The bigger the better – in everything. Freddie Mercury, the late lead singer of Queen, wasn’t alone in judging the world and its wares solely on the merit of size. Take bond investors. When the Federal Reserve announced its intention to begin tapering its quantitative easing programme last May, expectations were of an inexorable rise in US yields.
For debt investors, this offered the promise of higher returns on their bond purchases – at least those denominated in US dollars. But Treasury yields, after spiking last summer, and again when QE tapering kicked in in December, settled down at a lower rate than many had expected.
For market participants, this has meant another year where the hunt for yield grinds on.
With cash-rich accounts seeking alternative strategies to optimise their returns, the knock-on effect has been to compress spreads, meaning that the higher-yielding asset classes are not as high yielding any more, thus adding to the downward spiral.
While the US has been gradually moving to exit its QE programme, other jurisdictions around the globe have been continuing to play a role, recent pronouncements from the European Central Bank being a case in point that serve to underpin the appeal of the credit markets.
The upshot has been high-yield transactions that price at levels historically achieved only by the highest of high-grade borrowers and anything with even a modicum of yield on offer being snapped up in frenzied competition.
The boot is firmly on the issuer’s foot, something that has been a boon to banks, for example, which have seen their regulatory-driven capital-boosting exercises welcomed with open arms as investors scour the markets for any sort of meaningful returns.
Yields on Additional Tier 1 paper have ratcheted in and book sizes show little sign of shrinking, as more and more fund managers relent and join in an asset class that was once the preserve of a specialised few.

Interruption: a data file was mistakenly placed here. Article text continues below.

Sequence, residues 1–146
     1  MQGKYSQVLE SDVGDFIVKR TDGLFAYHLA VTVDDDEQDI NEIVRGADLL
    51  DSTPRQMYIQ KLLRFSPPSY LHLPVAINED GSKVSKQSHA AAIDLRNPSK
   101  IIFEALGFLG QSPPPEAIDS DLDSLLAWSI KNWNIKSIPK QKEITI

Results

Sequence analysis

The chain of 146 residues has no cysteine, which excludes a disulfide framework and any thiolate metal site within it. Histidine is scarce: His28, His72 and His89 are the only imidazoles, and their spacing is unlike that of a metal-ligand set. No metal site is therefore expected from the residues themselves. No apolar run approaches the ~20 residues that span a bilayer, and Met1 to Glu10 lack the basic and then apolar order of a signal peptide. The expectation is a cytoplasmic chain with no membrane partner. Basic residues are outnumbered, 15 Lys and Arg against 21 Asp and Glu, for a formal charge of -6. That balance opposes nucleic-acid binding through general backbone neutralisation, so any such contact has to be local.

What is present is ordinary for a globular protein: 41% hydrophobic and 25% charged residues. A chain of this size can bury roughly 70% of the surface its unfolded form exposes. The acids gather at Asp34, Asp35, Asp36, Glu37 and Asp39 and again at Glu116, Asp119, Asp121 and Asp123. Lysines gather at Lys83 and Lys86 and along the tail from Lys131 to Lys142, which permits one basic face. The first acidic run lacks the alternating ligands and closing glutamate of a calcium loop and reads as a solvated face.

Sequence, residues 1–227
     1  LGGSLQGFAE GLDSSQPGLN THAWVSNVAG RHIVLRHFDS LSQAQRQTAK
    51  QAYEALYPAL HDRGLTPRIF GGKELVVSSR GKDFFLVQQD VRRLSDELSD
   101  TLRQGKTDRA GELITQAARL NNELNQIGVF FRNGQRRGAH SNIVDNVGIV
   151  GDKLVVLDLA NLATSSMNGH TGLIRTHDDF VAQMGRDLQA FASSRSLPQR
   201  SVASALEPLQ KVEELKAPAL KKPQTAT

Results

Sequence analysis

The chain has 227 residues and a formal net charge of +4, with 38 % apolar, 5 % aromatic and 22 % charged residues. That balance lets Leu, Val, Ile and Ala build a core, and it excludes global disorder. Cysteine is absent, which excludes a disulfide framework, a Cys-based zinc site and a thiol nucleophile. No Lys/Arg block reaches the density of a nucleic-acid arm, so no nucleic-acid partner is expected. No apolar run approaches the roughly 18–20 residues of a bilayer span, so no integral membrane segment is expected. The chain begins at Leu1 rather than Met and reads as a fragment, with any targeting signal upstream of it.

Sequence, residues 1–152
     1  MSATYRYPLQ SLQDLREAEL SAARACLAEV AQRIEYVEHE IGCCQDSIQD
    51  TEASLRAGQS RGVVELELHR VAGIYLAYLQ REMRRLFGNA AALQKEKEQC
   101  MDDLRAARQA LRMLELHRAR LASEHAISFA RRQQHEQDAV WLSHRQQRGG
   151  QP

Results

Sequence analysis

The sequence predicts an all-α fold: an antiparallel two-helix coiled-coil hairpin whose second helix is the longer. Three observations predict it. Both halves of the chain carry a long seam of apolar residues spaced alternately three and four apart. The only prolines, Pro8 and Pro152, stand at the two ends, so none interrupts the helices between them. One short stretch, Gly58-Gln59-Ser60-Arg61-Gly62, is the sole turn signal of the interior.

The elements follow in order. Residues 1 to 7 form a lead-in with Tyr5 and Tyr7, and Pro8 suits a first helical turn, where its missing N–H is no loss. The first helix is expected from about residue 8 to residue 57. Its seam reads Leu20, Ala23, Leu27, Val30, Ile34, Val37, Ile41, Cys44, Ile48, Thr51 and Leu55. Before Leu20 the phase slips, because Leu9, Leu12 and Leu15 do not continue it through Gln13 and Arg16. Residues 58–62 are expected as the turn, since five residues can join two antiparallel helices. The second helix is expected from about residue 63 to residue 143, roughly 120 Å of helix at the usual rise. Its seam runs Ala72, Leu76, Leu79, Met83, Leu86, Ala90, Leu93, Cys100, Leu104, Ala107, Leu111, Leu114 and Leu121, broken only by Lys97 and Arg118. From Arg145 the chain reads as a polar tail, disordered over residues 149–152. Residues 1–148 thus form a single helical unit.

While US tapering concerns hit emerging markets harder than most at first, the wobble was short-lived and buyside aspirations overcame fears of both a regulatory or geopolitical nature.
The Ukraine/Russia situation, while not entirely shrugged off, did not cause the ructions it might have done had investors been of a different mindset. The fact that the corollary of the political posturing was that Russian credits – which generally account for some 30% of EEMEA volumes – were, in effect, shut out of the market, merely meant others seized the opportunity to fill the void, thereby addressing their own needs as well as those of investors. The markets, it appears, abhor a vacuum.
Another asset class worthy of note for its resurgence is securitisation, a sector partly blamed for causing the financial crisis, both at the time and in the intervening years. Now there has been a move towards reconciliation, and it is seen as a possible way to unlock funding for SMEs. As long as transparency and quality can be assured, it is once again being viewed as a credible funding avenue. With the ECB the latest to add a positive voice – albeit in a manner lacking in detail – hopes are high of continued growth.
An area that has already experienced an explosion in activity is leveraged finance; volumes grew 72% in 2013. It has continued in a similar vein since, albeit at a reduced pace, and was sufficiently visible for regulators to fire a few warning shots across its bows. Even Fed Chair Janet Yellen noted the reach for yield and concerns have been voiced regarding the deterioration of terms and structures and a move towards over-leveraged deals.
As the pendulum has swung the way of issuers, so lower yields have been accompanied by looser covenants in a win-win for borrowers.
A move towards safe and sound lending practices is the order of the day, although such is the need to maximise returns in yield-hungry, cash-rich markets that some will be tempted by situations that they would not normally consider.
The truth of the matter is that returns everywhere are lower and that it is the sellside that benefits.
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